Two MFA Fine Art students at Duncan Jordanstone College of Art and Design, Euan Rutter and Neil McCulloch, recently took part in an exhibition for the ‘RecoverMay’ event at Perth and Kinross Council’s Civic Hall, in a celebration of recovery from addiction and mental health, in association with P&K Council Alcohol and Drug Partnership, Scottish Prison Service (HMP Perth), Hillcrest Futures (Prison Peer Support Service & Alcohol and Drug Service), Walled Garden and Wisecraft (PKAVS) project at Murray royal Hospital, Churches Action for the Homeless and other local recovery groups.
It was the first event of its kind and will hopefully become an annual occurrence as Tayside fights back against the drug death crisis and mental health epidemic in Scotland. Perth and Dundee are both cities with a promising future but they are also at the centre of this crisis, with rising numbers of drug overdoses and mental health interventions increasing every week with the introduction of new synthetic psychoactive substances on our streets.
The short film they both made for RecoverMay had the theme of Walking the Inch, a reference to not only taking those first few steps upon release but also to the journey across South Inch Park in Perth, where the path must be crossed by residents to reach the bus or train stations on their way home from HMP Perth. Those first few steps back into the community for those in recovery is a crucial time as their hopes and dreams for the future are met with the harsh realities of life and social crisis. The film consists of interviews with residents at HMP Perth’s Recovery Hub with Insider Radio, where they are frank, open and honest about their experiences of addiction and recovery. There are also group poetry readings with the residents that were written by Euan during the experimental writing module on the MFA Fine Art course.
Both artists are from Tayside, with Euan Rutter being from Bonnie Dundee, also known as the drugs death capital of Europe, and Neil McCulloch coming from the beautiful city of Perth. Furthermore, the dynamic duo both have their own lived experiences of the social issues that plight many in our local housing schemes. Euan has experienced addiction issues and has been a resident at HMP Perth but now is a peer support worker in the same prison, helping others in the same position he once was before getting into recovery from a heroin addiction for over ten years now.
Neil has also worked in a similar role with the Walled Garden and Wisecraft (PKAVS) project at Murray Royal Hospital, where he was once a mental health patient at the Forensic Unit, after periods of instability saw him being sectioned under the Mental Health Act. He then went on to study contemporary art at Perth College UHI, before progressing to the University of Dundee. During his time at DJCAD, he returned to work at the hospital supporting others as Activity Engagement Worker (Creative Wellbeing) for a period, before committing to the MFA Fine Art course full time so he could focus on his final year of studies
Both have used their education journeys as a means of rehabilitation and reintegration into society as a whole, which I think we can all agree is a remarkable testament to the power of recovery and the resilience of character of the artists. Art truly has the power to change lives for the better, but to then go on to use those artistic abilities to become a therapeutic force in aiding recovery from addiction and mental health, by empowering others is a symbol of hope for those in our communities. We spoke with the artists and asked them about how it feels to be returning to work in places that were synonymous with their lived experiences and revisiting the past.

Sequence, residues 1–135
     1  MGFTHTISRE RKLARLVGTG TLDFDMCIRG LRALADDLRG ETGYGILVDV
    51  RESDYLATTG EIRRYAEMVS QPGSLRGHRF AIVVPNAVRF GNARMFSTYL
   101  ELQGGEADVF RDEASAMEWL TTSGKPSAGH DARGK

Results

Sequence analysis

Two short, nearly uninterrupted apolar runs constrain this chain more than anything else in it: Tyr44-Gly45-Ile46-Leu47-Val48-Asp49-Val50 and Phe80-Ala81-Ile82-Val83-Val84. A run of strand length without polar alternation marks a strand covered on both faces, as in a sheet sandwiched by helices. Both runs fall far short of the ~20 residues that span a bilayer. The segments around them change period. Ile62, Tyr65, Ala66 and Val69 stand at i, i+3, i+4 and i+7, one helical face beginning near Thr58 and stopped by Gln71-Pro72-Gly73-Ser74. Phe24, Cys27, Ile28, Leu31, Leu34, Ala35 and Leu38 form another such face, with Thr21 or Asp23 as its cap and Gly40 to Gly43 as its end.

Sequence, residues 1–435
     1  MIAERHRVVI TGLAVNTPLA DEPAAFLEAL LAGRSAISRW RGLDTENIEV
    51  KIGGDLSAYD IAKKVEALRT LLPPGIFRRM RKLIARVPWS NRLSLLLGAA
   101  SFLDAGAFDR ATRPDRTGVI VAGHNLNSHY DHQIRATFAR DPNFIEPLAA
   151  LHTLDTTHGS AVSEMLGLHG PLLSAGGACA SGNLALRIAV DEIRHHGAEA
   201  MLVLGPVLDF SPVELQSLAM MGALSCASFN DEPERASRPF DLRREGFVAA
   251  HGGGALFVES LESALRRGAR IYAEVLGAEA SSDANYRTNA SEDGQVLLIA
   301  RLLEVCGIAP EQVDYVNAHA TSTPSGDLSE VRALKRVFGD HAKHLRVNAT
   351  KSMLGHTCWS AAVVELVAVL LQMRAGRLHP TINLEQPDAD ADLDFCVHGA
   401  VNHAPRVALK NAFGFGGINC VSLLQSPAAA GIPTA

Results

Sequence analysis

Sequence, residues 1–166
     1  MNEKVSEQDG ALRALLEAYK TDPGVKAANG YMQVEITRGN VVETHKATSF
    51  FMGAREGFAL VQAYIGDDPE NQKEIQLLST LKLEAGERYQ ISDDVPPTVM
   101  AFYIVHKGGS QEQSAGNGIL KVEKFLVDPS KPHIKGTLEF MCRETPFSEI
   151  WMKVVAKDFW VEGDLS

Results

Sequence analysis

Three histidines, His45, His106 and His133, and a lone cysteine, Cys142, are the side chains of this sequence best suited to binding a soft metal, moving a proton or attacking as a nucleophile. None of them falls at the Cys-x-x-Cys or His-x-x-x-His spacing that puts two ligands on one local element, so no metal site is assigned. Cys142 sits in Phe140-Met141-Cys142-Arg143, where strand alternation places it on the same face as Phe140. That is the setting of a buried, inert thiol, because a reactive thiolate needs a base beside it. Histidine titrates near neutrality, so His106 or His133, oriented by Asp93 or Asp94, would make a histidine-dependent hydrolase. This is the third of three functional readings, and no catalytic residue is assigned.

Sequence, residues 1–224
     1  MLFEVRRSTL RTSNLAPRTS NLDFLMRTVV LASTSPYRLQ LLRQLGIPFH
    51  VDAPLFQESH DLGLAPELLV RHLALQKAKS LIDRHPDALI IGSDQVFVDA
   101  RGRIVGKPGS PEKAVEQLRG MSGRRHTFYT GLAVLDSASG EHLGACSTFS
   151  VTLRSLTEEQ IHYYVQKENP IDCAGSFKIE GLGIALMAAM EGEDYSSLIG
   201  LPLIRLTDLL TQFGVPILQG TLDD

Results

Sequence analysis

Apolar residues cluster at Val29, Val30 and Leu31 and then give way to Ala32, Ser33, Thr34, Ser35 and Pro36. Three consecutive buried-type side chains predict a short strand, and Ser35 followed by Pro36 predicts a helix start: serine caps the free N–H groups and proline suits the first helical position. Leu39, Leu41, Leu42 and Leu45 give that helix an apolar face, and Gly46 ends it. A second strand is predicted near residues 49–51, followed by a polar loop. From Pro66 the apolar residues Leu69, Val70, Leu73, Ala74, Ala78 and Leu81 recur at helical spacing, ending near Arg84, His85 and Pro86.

Neil told us “It was quite surreal to return to the grounds of the Murray Royal for first voluntary then paid employment with The Walled Garden and Wisecraft (PKAVS). The Murray Royal Forensic Unit is where I was sectioned through the criminal procedure act in my late teens. Art therapy and involvement in The Koestler Awards during my time as a forensic patient aided my own recovery immensely and so I’ve always felt a pull in this direction, knowing how hard it is to shake the shame of mental illness, addiction, criminality, and incarceration, but also knowing how powerful art can be in this process.
For this project I haven’t been working directly with any of the recovery groups but have been collaborating with HMP Perth through Euan and it has been an inspiring experience. Through many weeks of intense editing I have listened to the audio material that Euan brought from the recovery hub and insider radio many times, and I still can’t believe my ears. What I heard is a solid testament to the value of employing people with lived experience into these roles. The audio is so powerful, I defy even the most sceptical viewer to not to be moved in some way with the honest, insightful dialogue and willingness to be vulnerable in the context of a prison.”
Euan went on to tell us that “Returning to HMP Perth was a daunting prospect at first but in the first week, one of the residents explained to me that it was for the right reasons that I was back” and that it was “an example of a light at the end of the tunnel for those in custody and recovery,” which made the decision to commit to the role an easy one. During the six months since he has started, he has continued to develop as a recoverist and as an artist, as he supports residents in art groups at the Recovery Hub, as well as recovery meetings, coaching, yoga, mindfulness and meditation, dramatherapy, harm reduction and one to one support, receiving excellent feedback from all residents, colleagues and partnership agencies alike.